You know the world has gone mad when one of the world's largest pension funds, mired in its need for the maintenance of the status quo, begins to sound like 'digital dickweeds in their parents' basements'. Norway's massive $890 billion wealth fund has stepped out of the shadows to slam global central bankers for affecting "pricing in today’s market to such an extent that monetary policy itself has been a risk you have to watch;" and market structure, criticizing the proliferation of dark pools, "there’s a rent extraction from all these intermediaries... we’re in favor of trying to reduce the number of block-crossing venues," Schanke said, "one would probably be perfect."
Sounding a lot like a crazy fringe blog, Norway’s $890 billion wealth fund, as Bloomberg reports, is criticizing the two pillars of today's irrepressible stock market rally...
Like most global investors, the Oslo-based fund is trying to navigate uncharted terrain as central banks across the world push out stimulus to protect economic growth and spur inflation.
“Monetary policy does affect pricing in today’s market to such an extent that monetary policy itself has been a risk you have to watch,” Yngve Slyngstad, chief executive officer of the fund, said in an interview on Wednesday at Bloomberg’s New York headquarters.
“Investors are focused more on monetary policy changes than has been generally the case, than at any time, as far as I can remember.”
At the end of last year, the fund was invested in bonds in 31 currencies.
“As anything that moves prices is a risk that has to be monitored, here the effects of monetary policy affect prices dramatically,” Slyngstad said. “It’s of course always been the case with long rates, and now more significantly with the currency. That’s just a fact of the current market.”
And is taking the rare step of publicly criticizing the proliferation of dark pools, arguing the world’s biggest investors only need one such platform.
“There’s a rent extraction from all these intermediaries,” Oeyvind Schanke, head of the fund’s asset strategies, said in a telephone interview on Friday. “We are trying to advocate that we need to bring some of this back to where we started by getting the participants to meet, creating a utility that’s there for the sake of transacting institutional-sized blocks.”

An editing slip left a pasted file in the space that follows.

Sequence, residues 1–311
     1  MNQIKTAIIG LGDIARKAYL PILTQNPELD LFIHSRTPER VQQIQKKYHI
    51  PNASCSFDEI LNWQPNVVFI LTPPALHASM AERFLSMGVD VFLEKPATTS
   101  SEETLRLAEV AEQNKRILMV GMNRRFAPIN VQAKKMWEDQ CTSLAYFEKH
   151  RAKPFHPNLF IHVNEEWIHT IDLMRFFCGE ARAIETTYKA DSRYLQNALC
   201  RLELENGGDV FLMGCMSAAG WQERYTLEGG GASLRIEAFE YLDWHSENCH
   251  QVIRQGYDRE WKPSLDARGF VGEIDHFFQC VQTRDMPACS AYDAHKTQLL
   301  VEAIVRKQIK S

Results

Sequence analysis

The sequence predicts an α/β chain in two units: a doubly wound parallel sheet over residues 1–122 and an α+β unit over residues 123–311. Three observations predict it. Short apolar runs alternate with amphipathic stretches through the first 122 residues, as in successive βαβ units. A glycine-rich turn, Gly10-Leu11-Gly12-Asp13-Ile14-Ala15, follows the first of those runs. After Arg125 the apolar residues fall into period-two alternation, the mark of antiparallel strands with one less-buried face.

The fund says institutional investors, and the savers they represent, are wasting money paying multiple fees amid a fragmentation of anonymous trading venues over the past decade. The dark pools have become associated with the phenomenon of front-running, in which bid and offer information is used by high-frequency traders to pre-empt transactions and make a profit at the expense of investors.
The fund, which manages Norway’s oil wealth and holds about $517 billion in stocks globally, is constantly looking for ways to prevent its investments being targeted by high-frequency traders as it lobbies for fairer platforms.
The major issue that needs to be addressed is “liquidity fragmentation” as pools compete against each other on fees and services, according to the fund. It has introduced a “white list” of permitted pools to avoid exchanges prone to high-frequency trading.
“We’re in favor of trying to reduce the number of block crossing venues,” Schanke said. “One would probably be perfect.”
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Still - the rest of the world should probably just continue to ignore these risks as "from the fringe"... because what does the biggest pension fund in the world know??